As Assange and Daniel Domscheit-Berg take steps to increase worldwide transparency, their tendency to think more about the information and less about the people leads to conflict.  Plenty of innocent people are taken as collateral damage by WikiLeaks, and their servers offer flimsy protection for the whistleblowers who dare to release sensitive information.  Assange’s personality gets in the way of the story he pushes – a worry that seems to inspire caution in the next major leaker, Edward Snowden, as shown in Laura Poitras’ documentary “Citizenfour.”

Condon uneasily balances Singer’s script that cannot decide whether to focus on who they are or what they did.  For the former, at least Cumberbatch nails Assange’s vocal cadences.  For the latter, though, “The Fifth Estate” cannot even turn one of the most important events of the decade into compelling cinema. Even with one of the newest tricks in the book, adding an M83 song for dramatic impact, the action falls flat.

When the film awkwardly acknowledges its own shortcomings in its odd finale, it feels almost like the creative team saying sorry.  Apology accepted, I guess?  C2stars





REVIEW: Mr. Holmes

17 07 2015

Mr. HolmesSherlock Holmes has never been the most embraceable character, but “Mr. Holmes” takes his smug standoffishness to get-off-my-lawn levels.  In the opening scene, Ian McKellen’s more advanced Sherlock Holmes scowls needlessly at a child with whom he shares a railway car.  This detective acts superior simply out of habit, not out of a continually merited accomplishment.

Then, at the pace of a retirement home bingo game, Holmes mulls over three mysteries as he retires to an English countryside getaway run by an exasperated mother (Laura Linney) and her son.  One takes place in the around the time of the Great War, another in Japan in the time of World War II, and a final one unfolds in the present tense.  Triple the story hardly equals triple the excitement, though, as scripter Jeffrey Hatcher frustratingly delays connecting the dots and director Bill Condon never finds away to balance the storylines.

All the while, Holmes suffers from the loss of memory, and the mind once sharper than a trap must resort to writing details on a shirt cuff in order to recall them.  (To the film’s credit, the illness never gets played up for sensationalism.)  Quite frequently, “Mr. Holmes” took a toll on my brain too; it made me lose attention.

Thankfully, I did manage to hold on for the end, when the pieces do ultimately come together and provide a worthy reflection on the legacy of the Sherlock Holmes character.  Age may slow the fast-spinning wheels of reason in the head of this iteration of the beloved detective, ensuring that he would never be mistaken for the Benedict Cumberbatch or the Robert Downey, Jr. versions.  Yet with that experience comes retrospection, wisdom, and human intuition – traits often better embodied by his trusty sidekick Dr. Watson.  This discovery feels like something that Ian McKellen truly revels in, both as his character and as an actor in his own right.  B- / 2stars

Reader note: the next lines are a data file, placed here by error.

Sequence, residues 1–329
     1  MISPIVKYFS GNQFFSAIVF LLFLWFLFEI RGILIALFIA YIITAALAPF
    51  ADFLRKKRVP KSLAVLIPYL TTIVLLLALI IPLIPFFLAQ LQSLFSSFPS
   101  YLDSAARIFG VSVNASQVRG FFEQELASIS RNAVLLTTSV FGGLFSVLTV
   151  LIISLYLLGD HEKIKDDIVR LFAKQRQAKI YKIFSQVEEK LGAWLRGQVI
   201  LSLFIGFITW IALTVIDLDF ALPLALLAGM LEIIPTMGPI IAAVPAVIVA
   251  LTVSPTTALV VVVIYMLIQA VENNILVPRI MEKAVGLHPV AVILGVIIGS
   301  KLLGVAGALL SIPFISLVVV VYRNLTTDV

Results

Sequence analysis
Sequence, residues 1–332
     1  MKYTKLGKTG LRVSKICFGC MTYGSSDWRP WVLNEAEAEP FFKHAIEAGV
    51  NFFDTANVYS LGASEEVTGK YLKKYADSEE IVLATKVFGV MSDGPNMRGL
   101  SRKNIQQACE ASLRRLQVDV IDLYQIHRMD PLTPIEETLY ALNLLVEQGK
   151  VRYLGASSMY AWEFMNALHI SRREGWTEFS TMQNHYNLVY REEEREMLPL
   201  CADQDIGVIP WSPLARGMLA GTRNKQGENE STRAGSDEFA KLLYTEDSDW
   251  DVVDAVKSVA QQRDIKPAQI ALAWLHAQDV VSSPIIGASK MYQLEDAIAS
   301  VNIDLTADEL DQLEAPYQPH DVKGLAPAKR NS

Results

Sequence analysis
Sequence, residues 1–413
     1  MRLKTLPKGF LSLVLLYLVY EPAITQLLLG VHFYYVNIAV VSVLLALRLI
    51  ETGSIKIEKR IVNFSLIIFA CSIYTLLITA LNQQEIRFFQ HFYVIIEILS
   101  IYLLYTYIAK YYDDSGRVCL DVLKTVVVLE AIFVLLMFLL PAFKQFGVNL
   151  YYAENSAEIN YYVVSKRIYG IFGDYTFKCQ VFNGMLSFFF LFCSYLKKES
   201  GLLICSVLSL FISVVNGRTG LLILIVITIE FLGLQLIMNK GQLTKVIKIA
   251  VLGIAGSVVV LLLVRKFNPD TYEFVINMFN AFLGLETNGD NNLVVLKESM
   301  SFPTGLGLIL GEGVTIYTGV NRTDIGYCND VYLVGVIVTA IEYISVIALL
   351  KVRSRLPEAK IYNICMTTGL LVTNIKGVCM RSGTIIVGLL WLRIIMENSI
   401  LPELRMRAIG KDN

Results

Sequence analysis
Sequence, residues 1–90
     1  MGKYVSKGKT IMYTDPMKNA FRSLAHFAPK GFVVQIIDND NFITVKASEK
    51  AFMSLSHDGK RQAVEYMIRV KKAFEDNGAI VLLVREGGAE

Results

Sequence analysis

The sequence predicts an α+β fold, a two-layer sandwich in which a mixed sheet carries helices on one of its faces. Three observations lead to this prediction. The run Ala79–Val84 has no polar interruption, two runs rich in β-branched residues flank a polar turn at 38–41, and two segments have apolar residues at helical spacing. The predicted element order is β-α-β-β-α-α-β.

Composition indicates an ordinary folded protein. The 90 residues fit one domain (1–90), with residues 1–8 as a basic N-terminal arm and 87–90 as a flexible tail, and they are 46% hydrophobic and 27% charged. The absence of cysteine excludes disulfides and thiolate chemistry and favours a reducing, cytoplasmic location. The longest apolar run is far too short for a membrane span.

LISTFUL THINKING: 10 Performers Who Will Win Oscars in the Next 10 Years

26 02 2013

Before it’s too late and no longer topical, I wanted to share a list that has been floating in my mind for a while.  On Sunday night, the Academy welcomed Jennifer Lawrence and Anne Hathaway into their club.  Now, they can join Daniel Day-Lewis and Christoph Waltz in adding the phrase “Oscar Winner” before their name is mentioned.

But within the next 10 years, who will join them in the pantheon of acting?  I have a few suggestions…

Male

Gatsby

Leonardo DiCaprio
3 Oscar nominations
9 Golden Globe nominations, 1 win
8 SAG Award nominations

COMMENTARY:  The question isn’t “if.”  It’s “when.”  And that could be as early as this year.

JGL

Joseph Gordon-Levitt
2 Golden Globe nominations
4 SAG Award nominations

COMMENTARY:  With the boy-next-door turning into a renaissance man as he heads behind the director’s chair, JGL is headed towards golden child status.  Now it’s just time for the Oscars to catch up.

Ryan Gosling in The Ides of March

Ryan Gosling
1 Oscar nomination
4 Golden Globe nominations
2 SAG Award nominations

COMMENTARY:  I don’t really think I need to elaborate here as Gosling is one of the emerging Hollywood leading men.  The only thing keeping him from an Oscar, in my mind, is his eclectic role selection.

Brad Pitt in Moneyball

Brad Pitt
4 Oscar nominations (3 as actor)
5 Golden Globe nominations, 1 win
5 SAG Award nominations, 1 win

COMMENTARY:  As one of the highest-wattage stars of the past decade moves into a slower, more retrospective phase of his career, the role that will land Brad Pitt his Oscar should materialize.

George Clooney

George Clooney
8 Oscar nominations (4 for acting), 2 wins (1 for acting)
12 Golden Globe nominations (8 for acting), 3 wins
13 SAG Award nominations, 4 wins

COMMENTARY:  Yes, Clooney has already won his Oscar(s).  But I am convinced he will win his trophy for a leading role as he is such a prominent leading man in Hollywood.

Female

Amy Adams

Amy Adams
4 Oscar nominations
4 Golden Globe nominations
5 SAG Award nominations

COMMENTARY: 4 nominations in 7 years.  That’s impressive.  It’s going to happen, soon.  Perhaps the first time she gets a big leading role?

Linney

Laura Linney
3 Oscar nominations
6 Golden Globe nominations, 2 wins
4 SAG Award nominations, 1 win
4 Primetime Emmy nominations, 3 wins

COMMENTARY:  Though as of late Linney has been more television oriented, I still don’t think the cinematic community is done paying its dues to this talented actress.

Julianne Moore in The Kids Are All Right

Julianne Moore
4 Oscar nominations
7 Golden Globe nominations, 1 win
10 SAG Award nominations, 1 win
1 Primetime Emmy win